Horses

WEG organizers lower ticket prices to some events

Mike Johnson worked on bleachers being installed next to the outdoor stadium at the Kentucky Horse Park on Wednesday. WEG is lowering ticket prices to early rounds of some events.
Mike Johnson worked on bleachers being installed next to the outdoor stadium at the Kentucky Horse Park on Wednesday. WEG is lowering ticket prices to early rounds of some events.

Organizers of the Alltech FEI World Equestrian Games are lowering ticket prices in an attempt to prop up lagging ticket sales, especially among casual spectators.

Starting Thursday, a special promotion will offer a 30 percent savings on tickets to many of the early phases of the eight competitions. The special offer will end on Labor Day, Sept. 6.

The Games will be Sept. 25 to Oct. 10 at the Kentucky Horse Park.

About 270,000 tickets have been sold, far less than the once-anticipated 600,000. (Each ticket sale does not represent a spectator, since a single spectator may buy tickets to several events.) Organizers have said the economy is mostly to blame for more people not buying tickets priced at more than $100 for some events.

Jamie Link, chief executive of the World Games Foundation, said he's hopeful the promotion will get more fans to attend the early rounds of different competitions. The finals of those events are selling well.

"We're trying to incentivize them to look at the early rounds," he said. "Those sessions weren't selling as well."

The new prices include a discount on the one day of endurance riding, where riders race over a 100-mile course, from $45 to $25. Tickets to the team competition in show jumping, which were $110, are now $77; reining tickets that were $95 are now $67.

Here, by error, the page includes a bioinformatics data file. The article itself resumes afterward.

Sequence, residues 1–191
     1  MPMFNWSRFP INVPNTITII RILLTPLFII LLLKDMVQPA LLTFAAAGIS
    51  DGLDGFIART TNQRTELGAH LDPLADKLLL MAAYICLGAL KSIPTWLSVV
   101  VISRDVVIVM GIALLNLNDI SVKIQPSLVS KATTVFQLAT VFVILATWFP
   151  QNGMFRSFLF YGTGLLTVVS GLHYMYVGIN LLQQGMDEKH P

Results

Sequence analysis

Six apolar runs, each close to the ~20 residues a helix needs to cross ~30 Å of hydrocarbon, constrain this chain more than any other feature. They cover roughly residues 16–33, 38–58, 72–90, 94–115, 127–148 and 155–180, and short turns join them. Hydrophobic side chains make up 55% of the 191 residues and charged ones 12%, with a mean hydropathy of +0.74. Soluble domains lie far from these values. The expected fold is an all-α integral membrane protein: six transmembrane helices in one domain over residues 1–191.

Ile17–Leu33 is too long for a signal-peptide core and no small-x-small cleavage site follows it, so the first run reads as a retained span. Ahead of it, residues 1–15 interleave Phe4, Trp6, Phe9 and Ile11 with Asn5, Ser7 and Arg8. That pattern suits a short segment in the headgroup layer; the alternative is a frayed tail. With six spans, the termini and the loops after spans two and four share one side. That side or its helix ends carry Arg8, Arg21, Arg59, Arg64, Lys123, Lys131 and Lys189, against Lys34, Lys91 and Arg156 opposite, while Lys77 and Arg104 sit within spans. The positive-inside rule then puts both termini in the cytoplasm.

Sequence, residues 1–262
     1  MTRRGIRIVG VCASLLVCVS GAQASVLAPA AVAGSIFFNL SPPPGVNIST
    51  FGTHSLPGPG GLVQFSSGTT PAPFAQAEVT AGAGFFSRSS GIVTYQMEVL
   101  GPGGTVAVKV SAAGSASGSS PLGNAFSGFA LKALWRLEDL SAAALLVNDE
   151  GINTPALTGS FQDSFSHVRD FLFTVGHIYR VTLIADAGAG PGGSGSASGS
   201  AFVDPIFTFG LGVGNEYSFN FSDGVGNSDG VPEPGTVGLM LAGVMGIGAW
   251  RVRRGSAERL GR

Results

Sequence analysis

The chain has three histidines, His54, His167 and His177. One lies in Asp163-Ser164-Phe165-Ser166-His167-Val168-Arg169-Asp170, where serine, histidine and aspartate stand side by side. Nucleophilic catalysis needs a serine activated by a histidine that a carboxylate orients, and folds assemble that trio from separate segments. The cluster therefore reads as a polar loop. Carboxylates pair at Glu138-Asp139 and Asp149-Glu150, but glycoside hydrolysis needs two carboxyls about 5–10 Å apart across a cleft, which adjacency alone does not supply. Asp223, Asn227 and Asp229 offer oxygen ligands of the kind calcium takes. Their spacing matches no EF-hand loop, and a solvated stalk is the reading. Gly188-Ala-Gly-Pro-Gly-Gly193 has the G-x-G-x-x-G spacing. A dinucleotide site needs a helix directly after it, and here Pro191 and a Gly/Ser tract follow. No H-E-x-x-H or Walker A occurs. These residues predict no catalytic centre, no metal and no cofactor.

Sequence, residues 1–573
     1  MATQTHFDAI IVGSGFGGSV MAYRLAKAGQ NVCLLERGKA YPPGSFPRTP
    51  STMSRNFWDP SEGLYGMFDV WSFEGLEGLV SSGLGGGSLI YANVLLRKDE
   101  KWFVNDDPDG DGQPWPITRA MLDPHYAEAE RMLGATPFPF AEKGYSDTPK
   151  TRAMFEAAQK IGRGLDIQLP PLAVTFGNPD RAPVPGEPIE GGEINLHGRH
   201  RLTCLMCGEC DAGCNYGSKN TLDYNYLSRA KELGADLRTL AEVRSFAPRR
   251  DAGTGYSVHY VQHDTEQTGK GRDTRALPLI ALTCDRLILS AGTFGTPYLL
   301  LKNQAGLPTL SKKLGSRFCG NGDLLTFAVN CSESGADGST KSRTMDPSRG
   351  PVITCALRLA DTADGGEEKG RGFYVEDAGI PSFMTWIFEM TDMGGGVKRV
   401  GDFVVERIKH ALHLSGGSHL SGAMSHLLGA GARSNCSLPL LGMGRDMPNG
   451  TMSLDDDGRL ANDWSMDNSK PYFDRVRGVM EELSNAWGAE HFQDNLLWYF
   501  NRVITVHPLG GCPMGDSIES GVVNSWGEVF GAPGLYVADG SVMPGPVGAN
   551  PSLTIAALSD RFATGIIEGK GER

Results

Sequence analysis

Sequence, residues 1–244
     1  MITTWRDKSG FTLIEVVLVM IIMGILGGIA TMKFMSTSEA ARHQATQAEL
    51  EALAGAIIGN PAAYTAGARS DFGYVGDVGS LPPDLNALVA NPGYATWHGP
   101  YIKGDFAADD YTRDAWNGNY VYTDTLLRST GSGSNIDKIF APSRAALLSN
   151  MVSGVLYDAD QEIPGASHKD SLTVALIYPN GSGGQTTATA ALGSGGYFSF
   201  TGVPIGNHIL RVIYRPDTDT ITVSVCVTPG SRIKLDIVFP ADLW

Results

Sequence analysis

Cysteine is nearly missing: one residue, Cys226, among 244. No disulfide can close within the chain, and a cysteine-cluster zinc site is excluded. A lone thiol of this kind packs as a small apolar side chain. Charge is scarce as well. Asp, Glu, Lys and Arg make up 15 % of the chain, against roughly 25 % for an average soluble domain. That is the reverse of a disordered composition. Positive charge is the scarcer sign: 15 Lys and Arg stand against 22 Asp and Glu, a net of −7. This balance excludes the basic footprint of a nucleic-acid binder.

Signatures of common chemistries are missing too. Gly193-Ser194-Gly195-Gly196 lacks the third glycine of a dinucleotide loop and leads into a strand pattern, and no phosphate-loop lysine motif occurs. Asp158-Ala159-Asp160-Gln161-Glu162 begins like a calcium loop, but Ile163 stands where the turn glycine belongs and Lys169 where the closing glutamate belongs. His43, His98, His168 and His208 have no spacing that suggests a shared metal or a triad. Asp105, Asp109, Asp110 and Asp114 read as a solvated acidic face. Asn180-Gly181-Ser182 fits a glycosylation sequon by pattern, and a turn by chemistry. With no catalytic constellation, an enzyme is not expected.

Link said that he hopes to sell 500,000 tickets, just under the 570,000 mark from the 2006 World Games in Aachen, Germany.

"We're finding that people are waiting until closer to the event to purchase tickets," he said. "Having every seat sold is our goal, but we have to be realistic about what we can expect."

About 31,000 tickets have been sold to people outside the United States.

Organizers are currently building the temporary seating at the outdoor stadium, the main competition venue. It could seat as many as 30,000 people, but Link said they will remain flexible.

"We don't want to overbuild and we don't want to underbuild," he said.

For example, the finals of freestyle dressage, in which horse and rider perform complicated routines set to music, have already sold 24,000 tickets, but other events have sold many fewer tickets.

The promotion does not affect grounds pass tickets, which allow people access to all the other events at the Horse Park, including an equine village and trade show. Those tickets are $25. Children younger than 12 do not need grounds pass tickets, but do need tickets to the events.

The Games will not refund any money on already purchased tickets, which is standard practice on sports or entertainment tickets that are later discounted.

To see the promotional prices and buy tickets, visit www.alltechfeigames.com/tickets, www.ticketmaster.com, call 1-888-934-2010, or visit your local Ticketmaster outlet.

For ticketing assistance and general information, call the Alltech FEI World Equestrian Games Information Center at 1-888-934-2010.

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